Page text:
The minute Abdulmutallab’s father walked into a U.S. Embassy with news that his son was a potential terrorist, the official in charge was duty-bound to see this through. Every scrap of paper and every byte of data on the suspect should have been called up and frozen. That’s why we have embassies. When the information was passed to the first special agent at the CIA, he or she was duty bound to see it through. When the information was passed to the first administrator at the National Counterterrorism Center, he or she, too, was duty bound to see it to the end.
Everyone who read the name “Umar Farouk Abdulmutallab” prior to December 25, 2009 should be reprimanded and fired.
Much has been made of the fact that Abdulmutallab’s father, in a modern Euthyphro dilemma, informed on his own son. What has been made has generally taken one of two forms: jokes about how hard it must be for a Nigerian banker to get his proposals taken seriously FOR OUR MUTUAL BENEFIT, and incredulity that when the man was turning in his son we didn’t immediately arrest the young man or at least put him on the no-fly list or revoke his visa.
The second form is an understandable reaction (his son!), but a moment’s reflection on our recent adventures in Afghanistan and Iraq should show the intelligent observer the perils of concluding that someone is a terrorist based on the say-so of a relative, colleague, or acquaintance. If I recall, this is now one of the many lingering problems because it turns out that when you detain and torture someone based on the say-so of an informant, chances are that person is innocent, and your best case scenario is now hoping you didn’t radicalize a formerly innocent person who now has plenty of reason to hate you.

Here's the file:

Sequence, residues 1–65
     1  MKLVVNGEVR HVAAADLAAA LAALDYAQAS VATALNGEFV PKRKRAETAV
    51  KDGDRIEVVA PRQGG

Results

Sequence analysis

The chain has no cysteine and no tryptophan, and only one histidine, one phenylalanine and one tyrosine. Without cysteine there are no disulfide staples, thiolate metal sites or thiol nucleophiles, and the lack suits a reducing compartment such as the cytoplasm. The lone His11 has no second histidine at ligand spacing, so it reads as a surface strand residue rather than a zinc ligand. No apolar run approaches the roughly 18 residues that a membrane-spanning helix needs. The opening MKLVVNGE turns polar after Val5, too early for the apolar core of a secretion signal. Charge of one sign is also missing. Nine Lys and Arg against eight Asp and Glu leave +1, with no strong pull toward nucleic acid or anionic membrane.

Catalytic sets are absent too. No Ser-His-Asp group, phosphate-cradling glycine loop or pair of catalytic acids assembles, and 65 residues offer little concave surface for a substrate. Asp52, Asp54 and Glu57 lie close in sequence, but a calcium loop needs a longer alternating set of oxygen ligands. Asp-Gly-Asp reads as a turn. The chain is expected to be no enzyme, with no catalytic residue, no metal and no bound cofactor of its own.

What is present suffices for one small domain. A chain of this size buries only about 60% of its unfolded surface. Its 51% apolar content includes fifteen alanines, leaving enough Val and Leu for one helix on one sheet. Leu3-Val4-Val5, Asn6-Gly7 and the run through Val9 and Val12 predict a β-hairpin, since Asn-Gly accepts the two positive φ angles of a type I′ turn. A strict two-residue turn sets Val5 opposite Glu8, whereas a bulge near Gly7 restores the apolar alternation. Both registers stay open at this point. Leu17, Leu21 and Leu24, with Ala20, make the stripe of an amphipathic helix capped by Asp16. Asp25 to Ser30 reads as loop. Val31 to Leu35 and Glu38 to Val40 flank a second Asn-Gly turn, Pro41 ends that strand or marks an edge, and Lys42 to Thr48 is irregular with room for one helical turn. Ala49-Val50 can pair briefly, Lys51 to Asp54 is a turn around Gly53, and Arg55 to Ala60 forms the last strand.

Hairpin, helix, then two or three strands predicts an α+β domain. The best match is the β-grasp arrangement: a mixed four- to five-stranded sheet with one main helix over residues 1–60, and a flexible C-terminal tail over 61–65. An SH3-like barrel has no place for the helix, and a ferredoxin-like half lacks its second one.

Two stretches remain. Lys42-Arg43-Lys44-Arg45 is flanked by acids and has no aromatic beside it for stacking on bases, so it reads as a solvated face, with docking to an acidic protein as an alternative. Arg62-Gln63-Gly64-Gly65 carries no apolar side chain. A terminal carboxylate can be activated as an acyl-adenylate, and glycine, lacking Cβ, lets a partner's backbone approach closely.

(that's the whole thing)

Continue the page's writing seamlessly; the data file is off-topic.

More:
Now, obviously, no one’s suggested that Abdulmutallab should have been hauled off and tortured, but the point really needs to be made that just because someone says another person is a terrorist doesn’t necessarily mean that they are, and it’s a good thing if the United States doesn’t act like that. That it was his father who informed on him is fascinating, but not proof of anything particularly.*
All that aside, there’s an interesting puzzle here that’s being overlooked.
Let’s treat the proposition someone is a terrorist as a proposition for which we can gather evidence that warrants belief that the proposition is true. Let’s treat all the evidence that we can gather — parental informants, ties to radical imams, patterns of study, religion, country of origin, one way ticket, lack of checked luggage** — like a test, and let’s stipulate further that we have a very reliable terrorist test. If we present the test with the profiles of 100 terrorists, it will correctly identify 99 of them as terrorists. 1% slip through. For simplicity’s sake, it also misidentifies, 1% of the time, an innocent person as a terrorist.
Now suppose a person about whom nothing is known comes to the attention of the powers that be, and they administer the test, and it’s positive for terrorism.
What is the chance that the person really is a terrorist? Formulate your answer and then follow the jump.
You can’t formulate your answer! You shouldn’t have tried! You don’t have enough information yet! Why? Because you need to know not just the rate of failure for the test, but also the percentage of terrorists in the relevant population!